30 Second Real Estate Market Summary
The word from agents and brokers on the street is that the market is slowing faster than is seasonably normal. However, I do not see it in the statistics for September. Here is how I see the market.
The stats below suggest the market is moving normally into a seasonal slowdown. I see no reason for alarm.
A constant question I keep getting is, “Are we in a bubble and is it near bursting?”.
Some professionals that I respect say “yes, we are in a bubble and it will burst in 6 months to 2 years”. There is certainly nothing in the stats to support this that I see. It is just something many are feeling based on their observations of the market.
My opinion is that in order for the bubble to burst, 3 things are needed:
1) Lots of folks feel these good times will never stop. So far in my small world, more folks feel we are in a bubble than not. This overall cautionary mood tends to assure it will not happen.
2) Investors are purchasing homes to-be-built and selling them before completion and pocketing $30-$40K profit without even signing a deed. I do not see this as yet and I do not think the home appreciation rate will support this yet. In 2005-06 when this was happening, homes values were appreciating at over 12% annually. We are currently at just under 10%. This last 30 days the average home value fell slightly by $1,300.
3) Stated-income loans become common-place. I just learned that this problematic product is now available. So this could fuel the market in the months ahead and cause a burst in the bubble as these loans become more widely used. Stated income loans allow loans with very limited documentation. (Some claim unqualified borrowers use these loans.)
Let’s keep our eyes out for these signs. If you have other signs of a bulging bubble that is ready to burst, I would love to hear from you.
Here are the Market Stats:
Closed sales slid over 7% from the month before. This is simply a seasonal shift.
Pending sales also fell over 7% from the prior month. Again, this is just a seasonal shift.
Inventory ratios remained steady with no change from last month. So despite falling sales, the number of properties for sale also fell such that there was no change in the inventory ratio.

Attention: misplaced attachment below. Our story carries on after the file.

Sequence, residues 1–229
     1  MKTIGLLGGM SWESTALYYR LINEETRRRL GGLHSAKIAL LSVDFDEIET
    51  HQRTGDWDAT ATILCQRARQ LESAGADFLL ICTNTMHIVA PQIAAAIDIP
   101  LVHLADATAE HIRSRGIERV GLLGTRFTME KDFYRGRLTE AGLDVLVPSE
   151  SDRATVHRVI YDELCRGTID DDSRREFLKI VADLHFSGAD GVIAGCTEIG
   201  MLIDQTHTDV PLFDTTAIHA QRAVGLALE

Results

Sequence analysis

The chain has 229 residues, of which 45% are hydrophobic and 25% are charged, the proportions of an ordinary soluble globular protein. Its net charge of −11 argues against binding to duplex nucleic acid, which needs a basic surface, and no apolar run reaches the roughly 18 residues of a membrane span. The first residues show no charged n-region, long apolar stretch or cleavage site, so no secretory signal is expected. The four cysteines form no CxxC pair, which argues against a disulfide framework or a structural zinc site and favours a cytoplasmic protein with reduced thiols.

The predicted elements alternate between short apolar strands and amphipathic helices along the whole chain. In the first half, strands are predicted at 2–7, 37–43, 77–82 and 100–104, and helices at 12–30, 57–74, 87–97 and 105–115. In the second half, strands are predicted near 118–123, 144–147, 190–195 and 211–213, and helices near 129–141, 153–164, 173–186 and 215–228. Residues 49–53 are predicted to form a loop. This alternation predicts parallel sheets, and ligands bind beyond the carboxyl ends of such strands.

FOOD HEALTH: A Thought on Eggs
It is no secret that the older a laid chicken egg, the less fresh the taste. At least this was the finding of Consumer Reports per their March 2014 study. A quote: “taste can diminish as eggs age”.
So naturally it is only logical when you are shopping, you will want the fresher eggs – the ones with the most distant date stamp. Unfortunately, finding the freshest eggs is more difficult than it sounds. There are no regulations that require consistency in the carton date stamps. One egg supplier may date stamp a “best use-by” date in 30 days and another in 90 days or more. There are simply no requirements for consistency. Date stamps on eggs mean little.
So how does one find eggs that are fresh?
Your local small farmer will, as a general rule, be the freshest. New Seasons and Chucks work hard to stock local eggs alongside the major egg suppliers. To be on a Fred Meyer shelf however, store policy requires that you be huge – able to stock all the FM stores. Fred Meyer advertises and promotes local… but they do not promote small. I am not sure about Safeway and Albertsons but I suspect they are about the same as I have not seen small local producer items on the shelves.
If you are super curious, the small farmer will usually provide you with a means for contact to answer just such questions. I have been told by a small nutrition-based market that their eggs are over two weeks old when they arrive on the shelf. I can tell you that Kelsey Family Farm eggs are between 1-7 days old when they arrive on the shelf of Chucks and New Seasons. This is the time of year that the small farm egg suppliers typically have shortages due to their chickens molting.
Wouldn’t it be great if a supplier posted the actual date an egg was laid?
This seems so intuitive and valuable that one has to ask, “why aren’t egg producers doing this?”. My guess is perhaps the same as yours…. It is not in their best interest because consumers would not be happy to learn how old market eggs actually are.
What a great idea-posting the actual date laid on egg cartons! Jonell Kelsey of Kelsey Family Farm is pondering this very thought now. She probably will not make any changes until chickens are through molting and production numbers improve.
Last issue I predicted that rural properties will see improving values over the next 15+ years as compared to in-town properties due to the inevitable popularity of the electric vehicle. If this interests you just let me know and I will send to you that past issue.